• A competitor attempts to poach a company’s best product leaders – An agile organization can retain top talent by understanding its employees’ motivation and reorganizing its agile teams and priorities in alignment.

As illustrated above, every business should aspire to build an agile workforce, but for a few types of companies in particular, agility is all but a requirement:

  1. Small and mid-sized companies must stay agile to incorporate constant feedback and compete against larger competitors with more resources.

  2. Technology businesses must stay agile to stay at the bleeding edge and execute on short product life cycles.

  3. People-centered businesses (for example, a creative agency) must stay agile to retain talented employees and surpass the expectations of their customers.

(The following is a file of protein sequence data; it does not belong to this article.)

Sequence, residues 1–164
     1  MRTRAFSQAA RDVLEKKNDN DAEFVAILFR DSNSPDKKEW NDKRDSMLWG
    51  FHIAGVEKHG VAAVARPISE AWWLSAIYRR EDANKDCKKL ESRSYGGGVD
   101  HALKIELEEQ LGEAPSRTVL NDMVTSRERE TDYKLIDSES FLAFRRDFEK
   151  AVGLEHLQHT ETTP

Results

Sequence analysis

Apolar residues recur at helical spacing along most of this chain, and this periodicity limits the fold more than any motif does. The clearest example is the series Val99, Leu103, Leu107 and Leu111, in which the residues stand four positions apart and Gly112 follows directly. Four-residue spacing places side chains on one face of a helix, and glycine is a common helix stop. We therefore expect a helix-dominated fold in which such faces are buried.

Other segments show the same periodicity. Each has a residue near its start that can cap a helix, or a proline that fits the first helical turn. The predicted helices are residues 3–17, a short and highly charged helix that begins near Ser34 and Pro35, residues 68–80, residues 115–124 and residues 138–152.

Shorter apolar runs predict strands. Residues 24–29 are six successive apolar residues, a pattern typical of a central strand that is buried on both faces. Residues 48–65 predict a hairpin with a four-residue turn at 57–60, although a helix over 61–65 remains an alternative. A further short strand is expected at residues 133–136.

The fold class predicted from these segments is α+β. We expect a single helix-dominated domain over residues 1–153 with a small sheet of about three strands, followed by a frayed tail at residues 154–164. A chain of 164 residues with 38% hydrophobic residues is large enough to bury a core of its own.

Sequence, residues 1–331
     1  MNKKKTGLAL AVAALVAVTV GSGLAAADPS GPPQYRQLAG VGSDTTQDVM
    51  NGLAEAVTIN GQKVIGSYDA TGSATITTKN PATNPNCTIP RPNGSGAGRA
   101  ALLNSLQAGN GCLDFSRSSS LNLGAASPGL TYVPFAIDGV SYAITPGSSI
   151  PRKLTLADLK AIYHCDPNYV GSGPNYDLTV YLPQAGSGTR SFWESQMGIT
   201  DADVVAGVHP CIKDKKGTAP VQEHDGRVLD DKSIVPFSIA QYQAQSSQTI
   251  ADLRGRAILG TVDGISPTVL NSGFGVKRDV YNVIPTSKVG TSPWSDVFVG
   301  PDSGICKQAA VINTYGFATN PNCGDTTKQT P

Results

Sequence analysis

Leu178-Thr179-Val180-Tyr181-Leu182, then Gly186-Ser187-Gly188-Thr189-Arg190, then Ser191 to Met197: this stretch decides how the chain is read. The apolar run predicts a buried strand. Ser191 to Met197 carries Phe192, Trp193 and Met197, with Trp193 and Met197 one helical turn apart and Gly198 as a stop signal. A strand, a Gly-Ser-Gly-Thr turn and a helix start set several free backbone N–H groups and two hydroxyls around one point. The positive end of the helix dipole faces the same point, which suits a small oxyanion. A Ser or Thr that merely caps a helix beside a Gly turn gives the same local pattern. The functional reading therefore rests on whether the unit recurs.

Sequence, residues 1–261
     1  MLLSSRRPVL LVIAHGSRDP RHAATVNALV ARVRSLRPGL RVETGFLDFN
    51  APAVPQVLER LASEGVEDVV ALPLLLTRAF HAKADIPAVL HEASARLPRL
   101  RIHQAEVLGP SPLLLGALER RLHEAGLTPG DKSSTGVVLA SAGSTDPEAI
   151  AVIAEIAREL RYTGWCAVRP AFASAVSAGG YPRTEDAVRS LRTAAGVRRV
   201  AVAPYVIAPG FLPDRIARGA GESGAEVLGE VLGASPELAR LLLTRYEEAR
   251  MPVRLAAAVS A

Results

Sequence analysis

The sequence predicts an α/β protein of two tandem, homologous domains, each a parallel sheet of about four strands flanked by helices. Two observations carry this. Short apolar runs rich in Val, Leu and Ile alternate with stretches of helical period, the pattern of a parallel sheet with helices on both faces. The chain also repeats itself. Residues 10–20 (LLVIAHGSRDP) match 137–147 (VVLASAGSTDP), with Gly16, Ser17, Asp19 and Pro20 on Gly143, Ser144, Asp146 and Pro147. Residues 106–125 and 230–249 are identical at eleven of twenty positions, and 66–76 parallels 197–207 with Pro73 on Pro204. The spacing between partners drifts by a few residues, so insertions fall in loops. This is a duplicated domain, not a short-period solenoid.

Although it could seem like an agile workforce only counteracts negative pressures, the opposite is equally true. 

In the next section, we’ll look at the business benefits of an agile workforce.

The business benefits of agile workforces

Research from various sources proves that agile workforces contribute to better business outcomes.

Here are 4 of the most impactful statistics and takeaways to consider when thinking through the business benefits of agile workforces:

  1. McKinsey’s Enterprise Agility Study showed that agile workforce transformations improve customer satisfaction, employee engagement, and operational performance. Together, these benefits contribute to a financial outcome that is 20%-30% greater than before the transformation.

  2. Digital.ai’s 16th State of Agile Report showed that 70% of companies using agile development methods report greater project management visibility, also contributing to better team morale at 60% of the companies surveyed.